When women from the six Tewa-speaking pueblos of northern New Mexico decided to do something about the rape and sexual violence in their communities, they turned to their cultural roots of peace and respect for the earth. "Violence against women is not distinct from that against the poor or Mother Earth," says Kathy Sanchez, director of Tewa Women United, an activist group in the area. "Within the Native perspective everything is connected."
To honor that heritage, Tewa Women United has created one of the first antiviolence programs in North America, headed by the Native American women it serves. They call their initiative V.O.I.C.E.S. (Valuing Our Integrity with Courage, Empowerment and Support). Rather than adopting what it calls a Euro-American model of healing that relies on timed therapy sessions and jails far from the community, V.O.I.C.E.S. calls on its own traditions. "Native Americans are wary of outside agencies from the white world," says Katia Delgado, an indigenous Peruvian woman and therapist for V.O.I.C.E.S. "Memories of being betrayed, enslaved, and beaten for speaking their own language lurk beneath the surface. So, when the perpetrator of a sexual crime is sent to prison outside of the pueblo, breaking up the family, it awakens old ghosts for everyone."
Volunteers with V.O.I.C.E.S. encourage healing by working closely with sexual assault victims, the victims' families, and the communities to make offenses publicly known despite resistance from mostly male tribal councils. The group encourages the entire pueblo to take responsibility for the violence and come together for peace. V.O.I.C.E.S. finds shelter for women and their children among the sprawling networks of extended families. They are also working to establish halfway houses for abusers on the pueblo grounds. Volunteers help run a hotline, offer culturally sensitive counseling, and provide medical help and emergency intervention for women in distress. To serve the growing number of women seeking help, V.O.I.C.E.S. has had to lean on services from outside the community. But first, Tewa volunteers provide cross-cultural training for the tightly supervised network of outside medical and legal agencies they use.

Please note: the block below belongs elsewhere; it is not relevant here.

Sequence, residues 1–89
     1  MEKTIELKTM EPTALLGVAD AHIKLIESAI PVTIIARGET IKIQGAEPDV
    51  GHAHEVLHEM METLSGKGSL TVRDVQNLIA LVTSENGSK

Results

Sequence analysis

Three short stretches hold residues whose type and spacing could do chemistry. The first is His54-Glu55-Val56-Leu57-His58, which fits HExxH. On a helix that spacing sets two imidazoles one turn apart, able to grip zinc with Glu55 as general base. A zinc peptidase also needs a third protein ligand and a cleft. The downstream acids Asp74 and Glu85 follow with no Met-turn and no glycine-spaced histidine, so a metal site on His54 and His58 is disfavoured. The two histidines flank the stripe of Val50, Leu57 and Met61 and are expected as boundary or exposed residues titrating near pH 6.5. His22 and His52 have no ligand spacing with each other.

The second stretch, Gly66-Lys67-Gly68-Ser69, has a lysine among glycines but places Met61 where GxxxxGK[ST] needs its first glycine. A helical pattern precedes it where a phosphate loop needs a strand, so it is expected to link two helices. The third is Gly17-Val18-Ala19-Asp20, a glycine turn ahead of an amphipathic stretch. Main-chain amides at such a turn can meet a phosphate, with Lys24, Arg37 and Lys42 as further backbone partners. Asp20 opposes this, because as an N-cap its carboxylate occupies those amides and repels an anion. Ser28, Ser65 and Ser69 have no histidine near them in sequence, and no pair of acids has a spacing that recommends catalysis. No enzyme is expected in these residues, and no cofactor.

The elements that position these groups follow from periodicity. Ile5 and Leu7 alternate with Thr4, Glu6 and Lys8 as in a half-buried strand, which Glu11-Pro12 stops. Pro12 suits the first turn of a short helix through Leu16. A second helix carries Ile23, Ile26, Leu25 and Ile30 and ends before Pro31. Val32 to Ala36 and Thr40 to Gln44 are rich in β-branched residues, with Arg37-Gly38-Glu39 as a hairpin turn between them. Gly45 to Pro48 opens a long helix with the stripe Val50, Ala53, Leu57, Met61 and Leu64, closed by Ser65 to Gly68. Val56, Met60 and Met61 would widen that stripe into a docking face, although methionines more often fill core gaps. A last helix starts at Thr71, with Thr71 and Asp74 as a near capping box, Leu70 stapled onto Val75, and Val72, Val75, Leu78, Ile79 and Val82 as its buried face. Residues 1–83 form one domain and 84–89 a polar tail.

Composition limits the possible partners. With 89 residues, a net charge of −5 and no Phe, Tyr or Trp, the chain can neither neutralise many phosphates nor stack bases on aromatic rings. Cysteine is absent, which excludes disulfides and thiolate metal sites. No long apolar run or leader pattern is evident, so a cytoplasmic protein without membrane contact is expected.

To help women and children recoup their inner strength, V.O.I.C.E.S. trains them in the spiritual rituals of their ancestors. "Every morning, we present ourselves to the sun, which has many healing powers, especially when its rays are at a certain angle," says Sanchez. The group also leads prayers of thanks that recognize the people, animals, plant life, wind, and water that sustain them. "We make women feel less alone by helping them name three support systems in their lives," says Sanchez. "Once you claim these connections, you recognize the sacred energy of the universe and gain strength from it to make choices that empower you."
8/28/2015 Alaska Court Protects Abortion Access for Low-Income Women - The Alaska Superior Court struck down a state law yesterday that would have severely limited abortion access for low-income women in Alaska.
The state's Superior Court also struck down a Department of Health and Social Services regulation that placed narrow specifications on Medicaid coverage for abortions, requiring that Medicaid-funded abortions be determined by a physician to be "medically necessary." Last year, the Center for Reproductive Rights, the American Civil Liberties Union, and Planned Parenthood sued on behalf of the Planned Parenthood of the Great Northwest, claiming that the narrow definition of "medically necessary" arbitrarily established conditions designed to restrict the ability of low-income women to access abortion services.
The law was temporarily blocked last July by an Alaskan state court judge.
Superior Court Judge John Suddock ordered yesterday that the state be blocked from implementing this regulation, ruling that it placed an undue burden on low-income women seeking abortion services in Alaska.
"By providing health care to all poor Alaskans except women who need abortions, the challenged regulation violates the state constitutional guarantee of 'equal rights, opportunities, and protection under the law'," the ruling read.
"We applaud the superior court for striing down these cruel restrictions on women's health and rights that violate the Alaska Constitution," said Chris Charbonneau, CEO of Planned Parenthood of the Great Northwest and the Hawaiian Islands. . . .
8/26/2015 Saudi Women Prepare to Vote for the First Time - The fight for gender equality is making slow but notable progress in Saudi Arabia, where women will be allowed to vote for the first time in upcoming December elections.
This shift in Saudi law came in 2011, when a royal decree announced that women would be allowed to vote and run in local elections beginning in December of 2015. . . .